It went on and on in typical teenage waffle but that first sentence is the exact words I wrote and I remember that because I used to read and re-read it all the time. It became engrained in my brain so I could never forget it.
I went through a phase where I thought it wasn’t possible but the dream was still there.
If you’re on the verge of forgetting your dreams then make something visual so they’re always there in the forefront of your mind. Make a scrapbook from magazine articles, write it down, stick postcards on your fridge. Do whatever it takes to keep it at the front of your mind so you’re always thinking about it. Because as soon as you stop thinking about it, it’s all too easy to forget it.
Just book the ticket
If you want to travel but you’re scared to give up the life you’ve worked so hard to achieve, the hardest thing you’re going to do is….you know…actually go. Actually getting on the plane and going is the hardest thing. Just the thought of waving goodbye, stepping on the plane and flying off into the unknown if flipping terrifying. But possibly the most exciting feeling of your life.
And if, like me, this thought is really scary, you’ve just got to force yourself to do it. It’s like ripping off a wax strip (not a plaster/bandaid, it’s worse than that). Just do it. Don’t think about it. Don’t countdown from 10. Just trust that it’s going to be OK and do it. Just open your laptop and book a flight. Book it for a weeks time, a months time, a years time. Whatever. Just book it.
When Sam and I went to Australia, we booked a one-way flight almost a year in advance. We didn’t plan, research, schedule, save or even talk to anyone else. We didn’t know what we’d do or where we’d go. We just drank a bottle of wine and booked it. I paid for my share with my student loan (it was the beginning of a new term so I’d just had a lovely lump of cash into my bank) and worried about the rest later.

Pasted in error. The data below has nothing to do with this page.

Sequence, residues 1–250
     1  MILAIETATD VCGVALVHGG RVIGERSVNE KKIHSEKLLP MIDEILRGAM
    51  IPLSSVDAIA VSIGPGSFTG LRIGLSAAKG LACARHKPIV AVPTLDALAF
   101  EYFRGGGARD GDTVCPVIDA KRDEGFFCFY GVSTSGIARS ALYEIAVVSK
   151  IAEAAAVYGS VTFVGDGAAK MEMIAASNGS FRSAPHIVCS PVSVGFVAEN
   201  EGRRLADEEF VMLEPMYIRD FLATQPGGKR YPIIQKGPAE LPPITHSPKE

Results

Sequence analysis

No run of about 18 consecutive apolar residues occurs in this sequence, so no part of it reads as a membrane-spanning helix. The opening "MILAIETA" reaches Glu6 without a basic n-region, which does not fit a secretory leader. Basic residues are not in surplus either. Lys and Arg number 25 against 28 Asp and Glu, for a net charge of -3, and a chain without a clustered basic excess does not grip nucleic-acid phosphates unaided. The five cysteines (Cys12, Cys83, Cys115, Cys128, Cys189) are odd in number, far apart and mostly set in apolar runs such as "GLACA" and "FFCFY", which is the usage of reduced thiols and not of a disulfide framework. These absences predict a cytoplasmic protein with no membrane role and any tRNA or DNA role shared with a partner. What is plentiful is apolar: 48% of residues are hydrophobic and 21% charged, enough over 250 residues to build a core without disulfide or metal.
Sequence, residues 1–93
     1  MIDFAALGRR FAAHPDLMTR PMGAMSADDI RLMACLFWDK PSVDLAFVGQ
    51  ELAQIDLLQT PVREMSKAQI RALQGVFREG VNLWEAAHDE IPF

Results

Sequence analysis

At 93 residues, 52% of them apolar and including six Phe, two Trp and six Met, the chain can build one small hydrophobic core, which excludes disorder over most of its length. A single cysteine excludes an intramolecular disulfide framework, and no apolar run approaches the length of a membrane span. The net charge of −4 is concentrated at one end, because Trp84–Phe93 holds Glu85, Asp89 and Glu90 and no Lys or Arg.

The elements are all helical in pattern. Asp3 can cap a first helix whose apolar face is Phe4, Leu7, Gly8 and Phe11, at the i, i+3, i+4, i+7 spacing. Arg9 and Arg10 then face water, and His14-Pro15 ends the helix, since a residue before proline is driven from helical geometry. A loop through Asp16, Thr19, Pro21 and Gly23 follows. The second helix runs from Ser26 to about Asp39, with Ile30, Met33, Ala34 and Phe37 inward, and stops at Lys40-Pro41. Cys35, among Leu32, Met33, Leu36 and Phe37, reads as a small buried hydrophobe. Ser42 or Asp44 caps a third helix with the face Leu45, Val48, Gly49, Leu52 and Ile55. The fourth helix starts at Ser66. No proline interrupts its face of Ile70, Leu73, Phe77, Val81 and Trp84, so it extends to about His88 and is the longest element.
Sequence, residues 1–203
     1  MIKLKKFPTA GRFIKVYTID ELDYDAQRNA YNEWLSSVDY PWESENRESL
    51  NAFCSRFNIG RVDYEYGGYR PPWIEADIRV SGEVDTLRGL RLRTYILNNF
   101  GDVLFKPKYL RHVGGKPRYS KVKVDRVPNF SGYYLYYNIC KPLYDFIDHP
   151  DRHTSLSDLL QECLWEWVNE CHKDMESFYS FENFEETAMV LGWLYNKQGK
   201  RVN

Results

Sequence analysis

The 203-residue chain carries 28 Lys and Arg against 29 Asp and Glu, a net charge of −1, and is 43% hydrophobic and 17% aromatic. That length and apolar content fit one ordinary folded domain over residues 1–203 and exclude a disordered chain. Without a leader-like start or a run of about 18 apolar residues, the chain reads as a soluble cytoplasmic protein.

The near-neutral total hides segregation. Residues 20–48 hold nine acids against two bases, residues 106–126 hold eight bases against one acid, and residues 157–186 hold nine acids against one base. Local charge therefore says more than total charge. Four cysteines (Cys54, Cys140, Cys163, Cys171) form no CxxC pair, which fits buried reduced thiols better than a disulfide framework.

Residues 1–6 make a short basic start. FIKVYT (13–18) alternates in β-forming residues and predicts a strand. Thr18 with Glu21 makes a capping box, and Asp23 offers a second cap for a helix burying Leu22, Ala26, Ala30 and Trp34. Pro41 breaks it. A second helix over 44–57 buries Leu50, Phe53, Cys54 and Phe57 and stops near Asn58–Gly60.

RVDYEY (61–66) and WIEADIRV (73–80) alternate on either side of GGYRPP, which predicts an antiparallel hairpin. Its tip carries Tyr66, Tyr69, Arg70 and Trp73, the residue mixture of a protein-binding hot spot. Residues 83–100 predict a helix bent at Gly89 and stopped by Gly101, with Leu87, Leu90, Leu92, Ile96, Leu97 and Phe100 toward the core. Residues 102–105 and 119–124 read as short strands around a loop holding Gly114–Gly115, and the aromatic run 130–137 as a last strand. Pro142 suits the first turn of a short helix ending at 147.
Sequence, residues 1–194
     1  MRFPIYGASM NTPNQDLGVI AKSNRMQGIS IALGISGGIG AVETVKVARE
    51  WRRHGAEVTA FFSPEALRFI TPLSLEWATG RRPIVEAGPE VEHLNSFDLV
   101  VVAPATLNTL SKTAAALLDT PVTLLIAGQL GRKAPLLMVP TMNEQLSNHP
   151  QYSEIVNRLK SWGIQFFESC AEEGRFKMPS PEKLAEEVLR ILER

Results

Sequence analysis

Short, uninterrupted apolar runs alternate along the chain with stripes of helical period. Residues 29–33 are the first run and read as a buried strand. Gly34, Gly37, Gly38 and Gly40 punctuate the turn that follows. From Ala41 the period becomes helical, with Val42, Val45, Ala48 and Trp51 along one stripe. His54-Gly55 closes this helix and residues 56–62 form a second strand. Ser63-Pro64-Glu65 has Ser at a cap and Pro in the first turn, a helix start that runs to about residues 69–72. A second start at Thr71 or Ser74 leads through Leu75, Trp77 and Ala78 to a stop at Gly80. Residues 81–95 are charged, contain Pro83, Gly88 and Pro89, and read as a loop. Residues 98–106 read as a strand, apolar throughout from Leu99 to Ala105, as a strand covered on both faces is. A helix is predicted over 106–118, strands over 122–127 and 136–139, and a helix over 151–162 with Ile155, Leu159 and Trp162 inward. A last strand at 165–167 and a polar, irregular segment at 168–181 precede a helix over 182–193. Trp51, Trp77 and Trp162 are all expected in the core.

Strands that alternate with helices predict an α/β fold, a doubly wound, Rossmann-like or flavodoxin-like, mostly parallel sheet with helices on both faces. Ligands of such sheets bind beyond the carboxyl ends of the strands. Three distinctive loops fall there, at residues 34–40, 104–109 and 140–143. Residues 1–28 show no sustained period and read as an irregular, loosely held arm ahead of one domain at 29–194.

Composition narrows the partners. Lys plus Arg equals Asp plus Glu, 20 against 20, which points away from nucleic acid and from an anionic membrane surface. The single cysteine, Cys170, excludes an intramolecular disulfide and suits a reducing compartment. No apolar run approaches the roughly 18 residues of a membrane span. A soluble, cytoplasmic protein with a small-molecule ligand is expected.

And while we’re on this topic I should probably admit that Sam didn’t actually want to go to Australia. I told him I was going and that I’d love for him to come with me, but if he didn’t want to come I was going anyway. It wasn’t an easy decision for him and this wasn’t a lifelong dream for him. And it wasn’t easy for me to say I’d go without him, but that’s what gave him the push to do it and he now says it was the best decision he ever made. So if you’re waiting for the perfect travel buddy who shares your dreams then you might be waiting a long time.
You can always come home
When I went travelling, something I always kept at the bank of my mind was the thought, ‘I can always go home’. No matter what happened I always had £1,000 in my bank so, if I needed to, I could just jump on a plane and go home. If I didn’t like it then I’d just go home. At least I tried it and would never have that lingering doubt creeping around the back of my mind, always wondering if I should have done it.
And while we’re on the topic of home, most people I know who travelled came home and said nothing had changed. It’s weird and wonderful in the same way but you come home and slot back into normal life as though you’d never been away. So if it’s the thought of leaving home that terrifies you, just remember that home will always be there and home won’t change.
For me, the main thing that pushes me to keep travelling (even when it’s too expensive or a logistical nightmare or I have a million other things I should really do) is the thought that when I’m old I don’t want to have any regrets. I don’t want to sit in my rocking chair when I’m 90 years old and think, ‘Do you know what, I really wish I went to Bali when I was younger.’
I want to sit in my chair with a G&T and think, ‘Hell yes, I’ve had some adventures.’
It’s this Jack Kerouac quote that always comes to mind and it pushes me to do more…